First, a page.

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When predictions take control: the effect of task predictions on task switching performance

Wout Duthoo UGent, Wouter De Baene UGent, Peter Wühr and Wim Notebaert UGent (2012) FRONTIERS IN PSYCHOLOGY. 3. p.1-9
abstract
In this paper, we aimed to investigate the role of self-generated predictions in the flexible control of behavior. Therefore, we ran a task switching experiment in which participants were asked to try to predict the upcoming task in three conditions varying in switch rate (30, 50, and 70%). Irrespective of their predictions, the color of the target indicated which task participants had to perform. In line with previous studies (Mayr, 2006; Monsell and Mizon, 2006), the switch cost was attenuated as the switch rate increased. Importantly, a clear task repetition bias was found in all conditions, yet the task repetition prediction rate dropped from 78 over 66 to 49% with increasing switch probability in the three conditions. Irrespective of condition, the switch cost was strongly reduced in expectation of a task alternation compared to the cost of an unexpected task alternation following repetition predictions. Hence, our data suggest that the reduction in the switch cost with increasing switch probability is caused by a diminished expectancy for the task to repeat. Taken together, this paper highlights the importance of predictions in the flexible control of behavior, and suggests a crucial role for task repetition expectancy in the context-sensitive adjusting of task switching performance.
Please use this url to cite or link to this publication:
author
organization
year
type
journalArticle (original)
publication status
published
subject
keyword
task switching, proactive cognitive control, switch cost, expectancy bias, prediction
journal title
FRONTIERS IN PSYCHOLOGY
Front. Psychology
volume
3
article_number
282
pages
1 - 9
Web of Science type
Article
Web of Science id
000208863900293
ISSN
1664-1078
language
English
UGent publication?
yes
classification
A1
copyright statement
I have retained and own the full copyright for this publication
VABB id
c:vabb:337457
VABB type
VABB-1
id
2969709
handle
http://hdl.handle.net/1854/LU-2969709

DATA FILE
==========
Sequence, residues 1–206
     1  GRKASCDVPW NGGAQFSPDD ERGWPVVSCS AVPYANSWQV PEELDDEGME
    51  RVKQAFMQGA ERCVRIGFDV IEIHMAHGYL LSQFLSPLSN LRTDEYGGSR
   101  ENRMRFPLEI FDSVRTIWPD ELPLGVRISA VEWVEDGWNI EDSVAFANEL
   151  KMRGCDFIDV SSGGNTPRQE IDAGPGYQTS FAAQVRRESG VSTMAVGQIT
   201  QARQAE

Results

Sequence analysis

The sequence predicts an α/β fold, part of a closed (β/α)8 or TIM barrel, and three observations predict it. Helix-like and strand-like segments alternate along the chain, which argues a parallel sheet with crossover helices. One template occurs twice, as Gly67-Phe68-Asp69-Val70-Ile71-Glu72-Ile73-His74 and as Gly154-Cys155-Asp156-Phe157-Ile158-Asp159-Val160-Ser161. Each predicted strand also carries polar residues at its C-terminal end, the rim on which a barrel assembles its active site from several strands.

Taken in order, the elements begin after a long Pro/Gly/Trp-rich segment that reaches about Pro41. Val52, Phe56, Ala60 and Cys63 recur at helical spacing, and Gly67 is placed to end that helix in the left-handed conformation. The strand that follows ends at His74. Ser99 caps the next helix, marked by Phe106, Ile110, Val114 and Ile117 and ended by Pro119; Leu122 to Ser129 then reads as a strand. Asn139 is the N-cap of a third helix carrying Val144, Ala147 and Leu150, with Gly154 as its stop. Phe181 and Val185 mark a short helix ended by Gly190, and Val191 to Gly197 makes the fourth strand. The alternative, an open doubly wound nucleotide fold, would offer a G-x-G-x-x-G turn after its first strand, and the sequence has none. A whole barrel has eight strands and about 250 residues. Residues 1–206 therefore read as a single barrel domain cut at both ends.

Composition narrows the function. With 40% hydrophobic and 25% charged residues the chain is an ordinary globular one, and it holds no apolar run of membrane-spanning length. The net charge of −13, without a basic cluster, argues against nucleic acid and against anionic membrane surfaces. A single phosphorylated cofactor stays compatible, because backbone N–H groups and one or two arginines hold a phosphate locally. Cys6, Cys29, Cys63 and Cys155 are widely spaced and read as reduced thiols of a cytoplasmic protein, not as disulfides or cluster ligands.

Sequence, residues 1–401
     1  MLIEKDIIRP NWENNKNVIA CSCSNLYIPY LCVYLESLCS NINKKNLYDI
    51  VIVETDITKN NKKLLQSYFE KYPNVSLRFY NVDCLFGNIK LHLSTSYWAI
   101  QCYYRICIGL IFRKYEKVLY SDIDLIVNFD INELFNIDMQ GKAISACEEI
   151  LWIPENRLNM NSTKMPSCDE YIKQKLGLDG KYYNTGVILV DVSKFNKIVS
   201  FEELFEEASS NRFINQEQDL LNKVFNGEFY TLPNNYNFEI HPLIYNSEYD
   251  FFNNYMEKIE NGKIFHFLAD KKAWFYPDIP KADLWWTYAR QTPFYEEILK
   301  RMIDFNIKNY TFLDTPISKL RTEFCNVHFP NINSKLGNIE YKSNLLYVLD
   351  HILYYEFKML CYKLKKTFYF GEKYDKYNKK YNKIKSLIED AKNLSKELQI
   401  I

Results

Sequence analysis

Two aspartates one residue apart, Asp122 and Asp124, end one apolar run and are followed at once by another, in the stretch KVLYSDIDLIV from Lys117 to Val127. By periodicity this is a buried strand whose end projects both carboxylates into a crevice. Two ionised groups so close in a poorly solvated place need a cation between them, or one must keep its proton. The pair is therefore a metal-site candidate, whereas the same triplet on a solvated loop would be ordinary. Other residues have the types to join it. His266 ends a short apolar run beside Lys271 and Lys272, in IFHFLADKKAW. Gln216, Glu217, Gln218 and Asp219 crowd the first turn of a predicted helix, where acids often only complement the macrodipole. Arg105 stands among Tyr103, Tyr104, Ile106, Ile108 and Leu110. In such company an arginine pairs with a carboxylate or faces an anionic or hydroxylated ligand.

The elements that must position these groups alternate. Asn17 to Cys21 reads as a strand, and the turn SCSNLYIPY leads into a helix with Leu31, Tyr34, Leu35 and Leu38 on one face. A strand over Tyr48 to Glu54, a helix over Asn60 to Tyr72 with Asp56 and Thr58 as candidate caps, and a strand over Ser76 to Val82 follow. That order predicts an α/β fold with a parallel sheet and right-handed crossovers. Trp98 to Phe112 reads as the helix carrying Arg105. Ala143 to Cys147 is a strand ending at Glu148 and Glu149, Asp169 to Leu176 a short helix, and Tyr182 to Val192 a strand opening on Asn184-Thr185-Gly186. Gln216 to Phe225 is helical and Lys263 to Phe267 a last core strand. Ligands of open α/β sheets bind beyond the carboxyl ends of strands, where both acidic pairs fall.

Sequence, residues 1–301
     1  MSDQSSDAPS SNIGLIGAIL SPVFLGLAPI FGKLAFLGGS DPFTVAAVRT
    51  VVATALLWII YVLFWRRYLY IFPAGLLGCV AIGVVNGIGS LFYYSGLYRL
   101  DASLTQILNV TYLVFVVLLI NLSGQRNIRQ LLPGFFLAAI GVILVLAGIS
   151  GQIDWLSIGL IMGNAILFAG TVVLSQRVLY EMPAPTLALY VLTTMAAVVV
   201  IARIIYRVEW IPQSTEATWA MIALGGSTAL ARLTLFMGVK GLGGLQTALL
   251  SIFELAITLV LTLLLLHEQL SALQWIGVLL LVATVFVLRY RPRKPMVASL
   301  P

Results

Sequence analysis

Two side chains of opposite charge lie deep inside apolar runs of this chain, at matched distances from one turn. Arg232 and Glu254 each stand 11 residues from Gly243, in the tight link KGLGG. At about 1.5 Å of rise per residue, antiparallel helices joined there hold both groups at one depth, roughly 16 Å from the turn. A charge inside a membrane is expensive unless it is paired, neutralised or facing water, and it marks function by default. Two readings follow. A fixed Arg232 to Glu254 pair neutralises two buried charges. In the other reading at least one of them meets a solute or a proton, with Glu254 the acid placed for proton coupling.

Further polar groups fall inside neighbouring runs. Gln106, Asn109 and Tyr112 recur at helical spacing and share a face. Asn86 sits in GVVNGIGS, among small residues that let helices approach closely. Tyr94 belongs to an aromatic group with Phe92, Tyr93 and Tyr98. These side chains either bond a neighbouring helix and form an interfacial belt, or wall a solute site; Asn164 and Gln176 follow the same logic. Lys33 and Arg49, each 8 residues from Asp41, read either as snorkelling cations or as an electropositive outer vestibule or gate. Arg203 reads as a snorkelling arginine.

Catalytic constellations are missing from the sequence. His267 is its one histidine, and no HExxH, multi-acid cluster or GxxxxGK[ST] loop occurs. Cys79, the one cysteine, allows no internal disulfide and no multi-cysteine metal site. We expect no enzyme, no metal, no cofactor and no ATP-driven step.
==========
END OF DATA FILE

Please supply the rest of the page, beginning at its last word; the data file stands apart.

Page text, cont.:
alternative location
http://www.frontiersin.org/Cognition/10.3389/fpsyg.2012.00282/full
date created
2012-08-08 13:14:37
date last changed
2014-04-22 15:44:53
@article{2969709,
  abstract     = {In this paper, we aimed to investigate the role of self-generated predictions in the flexible control of behavior. Therefore, we ran a task switching experiment in which participants were asked to try to predict the upcoming task in three conditions varying in switch rate (30, 50, and 70\%). Irrespective of their predictions, the color of the target indicated which task participants had to perform. In line with previous studies (Mayr, 2006; Monsell and Mizon, 2006), the switch cost was attenuated as the switch rate increased. Importantly, a clear task repetition bias was found in all conditions, yet the task repetition prediction rate dropped from 78 over 66 to 49\% with increasing switch probability in the three conditions. Irrespective of condition, the switch cost was strongly reduced in expectation of a task alternation compared to the cost of an unexpected task alternation following repetition predictions. Hence, our data suggest that the reduction in the switch cost with increasing switch probability is caused by a diminished expectancy for the task to repeat. Taken together, this paper highlights the importance of predictions in the flexible control of behavior, and suggests a crucial role for task repetition expectancy in the context-sensitive adjusting of task switching performance.},
  articleno    = {282},
  author       = {Duthoo, Wout and De Baene, Wouter and W{\"u}hr, Peter and Notebaert, Wim},
  issn         = {1664-1078},
  journal      = {FRONTIERS IN PSYCHOLOGY},
  keyword      = {task switching,proactive cognitive control,switch cost,expectancy bias,prediction},
  language     = {eng},
  pages        = {282:1--282:9},
  title        = {When predictions take control: the effect of task predictions on task switching performance},
  url          = {http://www.frontiersin.org/Cognition/10.3389/fpsyg.2012.00282/full},
  volume       = {3},
  year         = {2012},
}

Chicago
Duthoo, Wout, Wouter De Baene, Peter Wühr, and Wim Notebaert. 2012. “When Predictions Take Control: The Effect of Task Predictions on Task Switching Performance.” Frontiers in Psychology 3: 1–9.
APA
Duthoo, W., De Baene, W., Wühr, P., & Notebaert, W. (2012). When predictions take control: the effect of task predictions on task switching performance. FRONTIERS IN PSYCHOLOGY, 3, 1–9.
Vancouver
1.
Duthoo W, De Baene W, Wühr P, Notebaert W. When predictions take control: the effect of task predictions on task switching performance. FRONTIERS IN PSYCHOLOGY. 2012;3:1–9.
MLA
Duthoo, Wout, Wouter De Baene, Peter Wühr, et al. “When Predictions Take Control: The Effect of Task Predictions on Task Switching Performance.” FRONTIERS IN PSYCHOLOGY 3 (2012): 1–9. Print.